Cardigan RNLI hosts naming ceremony for inshore lifeboat
Cardigan RNLI held a lifeboat naming ceremony and dedication to their inshore d class lifeboat in front of invited guests, family and friends on Sunday 25 September.
The lifeboat, John Darbyshire, has been on service at the Poppit Sands station since December 2019, but the official naming ceremony was delayed by the pandemic.
John Darbyshire had strong and proud connections to the sea. He served in the Merchant Navy and later in life became a teacher. He taught metalwork but it was at home he was able to pursue his passion for the sea.
He knew the late Fred Dibnah, no doubt through their shared interests in engineering.
John built many things by hand, among them a working scale model of George Stephenson’s ‘Rocket’ locomotive. John hand-made many intricate and beautiful wooden marquetry pictures of boats and sea scenes and also mastered the art of ships in bottles.
John would have been immensely proud today to see his connection to his beloved sea being made and recognised in this way.
His late wife Olive held John close to her heart and ensured this legacy was named after her late husband.
John and Olive’s family would like to thank the RNLI Cardigan crew for keeping John’s legacy safe. They are proud this boat carries his name and that it will continue to save lives at sea.
The naming ceremony opened with the national anthems, with Guy Crofts, chairman of the Cardigan Lifeboat Management Group, welcoming guests.
Pembrokeshire county councillor Mike James, the member for St Dogmaels, then highlighted the important role of the lifeboat station in the local community.
Sara Edwards, Lord-Lieutenant of Dyfed, handed the lifeboat into the care of the RNLI on behalf of the donor family. John Payne, RNLI Lifesaving Operations Director, accepted the lifeboat on behalf of the RNLI and then handed it into the care of Cardigan Lifeboat Station.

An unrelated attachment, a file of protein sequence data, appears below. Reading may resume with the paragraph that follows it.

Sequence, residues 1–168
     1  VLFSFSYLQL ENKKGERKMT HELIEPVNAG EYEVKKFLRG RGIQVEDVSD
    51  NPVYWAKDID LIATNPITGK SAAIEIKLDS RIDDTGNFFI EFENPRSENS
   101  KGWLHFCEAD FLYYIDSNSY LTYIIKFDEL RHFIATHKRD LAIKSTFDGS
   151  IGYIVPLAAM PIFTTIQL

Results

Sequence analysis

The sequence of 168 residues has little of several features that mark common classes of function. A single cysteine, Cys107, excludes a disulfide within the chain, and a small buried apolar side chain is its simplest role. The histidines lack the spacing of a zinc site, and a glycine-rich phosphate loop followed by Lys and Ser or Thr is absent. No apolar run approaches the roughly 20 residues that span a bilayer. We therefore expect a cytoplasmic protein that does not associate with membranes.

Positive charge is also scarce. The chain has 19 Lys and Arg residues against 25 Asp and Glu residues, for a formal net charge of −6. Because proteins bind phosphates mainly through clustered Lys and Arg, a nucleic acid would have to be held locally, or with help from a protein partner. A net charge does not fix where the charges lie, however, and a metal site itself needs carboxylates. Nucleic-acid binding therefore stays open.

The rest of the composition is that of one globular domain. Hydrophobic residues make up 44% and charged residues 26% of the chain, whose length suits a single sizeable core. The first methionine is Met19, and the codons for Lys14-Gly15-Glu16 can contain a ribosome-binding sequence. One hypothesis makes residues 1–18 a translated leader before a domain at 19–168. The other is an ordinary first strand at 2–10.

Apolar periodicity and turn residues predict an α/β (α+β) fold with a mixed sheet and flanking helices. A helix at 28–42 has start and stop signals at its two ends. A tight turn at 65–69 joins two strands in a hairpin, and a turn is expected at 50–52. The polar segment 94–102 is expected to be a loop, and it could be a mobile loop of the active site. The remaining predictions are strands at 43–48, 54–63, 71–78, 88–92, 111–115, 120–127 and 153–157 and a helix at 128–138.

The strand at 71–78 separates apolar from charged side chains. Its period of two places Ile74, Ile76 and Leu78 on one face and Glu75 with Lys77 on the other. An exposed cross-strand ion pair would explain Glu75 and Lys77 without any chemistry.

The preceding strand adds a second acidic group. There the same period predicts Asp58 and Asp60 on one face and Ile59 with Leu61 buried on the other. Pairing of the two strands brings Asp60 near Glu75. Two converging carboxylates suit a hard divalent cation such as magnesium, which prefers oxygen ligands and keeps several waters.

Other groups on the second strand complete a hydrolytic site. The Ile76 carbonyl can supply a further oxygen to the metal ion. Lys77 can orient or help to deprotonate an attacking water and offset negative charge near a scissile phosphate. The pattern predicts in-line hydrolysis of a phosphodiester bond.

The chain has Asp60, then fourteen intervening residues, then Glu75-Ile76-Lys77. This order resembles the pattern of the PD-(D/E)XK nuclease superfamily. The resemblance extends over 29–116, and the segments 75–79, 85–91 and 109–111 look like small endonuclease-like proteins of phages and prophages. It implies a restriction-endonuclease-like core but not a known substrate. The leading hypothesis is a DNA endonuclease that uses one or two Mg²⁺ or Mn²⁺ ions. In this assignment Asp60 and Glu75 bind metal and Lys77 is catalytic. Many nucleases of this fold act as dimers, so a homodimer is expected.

Peter Austin, Cardigan Lifeboat Operations Manager, said: ‘This is a very proud day. The naming ceremony has been three years in the making because of Covid
‘Since it’s first service on December 28, 2019, the lifeboat has launched 31 times, including one this morning (a boat stuck on a sand bank in the mouth of the River Teifi) and has aided 22 people.
‘This lifeboat will help to keep people safe and maximise the chances of saving lives at sea.’
He thanked all the volunteer crew and asked them to stand and they were loudly applauded by those attending.
The service of dedication was then led by Station Chaplain, Reverend Elizabeth Rowe with hymns, prayers and a blessing for the lifeboat.
Volunteer crew member Louise Francis named the lifeboat on behalf of the donor family and Simon Mansfield, D-Class helm, delivered a vote of thanks.
The John Darbyshire was then put through its paces by the volunteer crew as the guests watched from the beach.
Key facts about the RNLI
The RNLI charity saves lives at sea. Its volunteers provide a 24-hour search and rescue service around the United Kingdom and Republic of Ireland coasts. The RNLI operates 238 lifeboat stations in the UK and Ireland and more than 240 lifeguard units on beaches around the UK and Channel Islands. The RNLI is independent of Coastguard and government and depends on voluntary donations and legacies to maintain its rescue service. Since the RNLI was founded in 1824, its lifeboat crews and lifeguards have saved over 142,700 lives.
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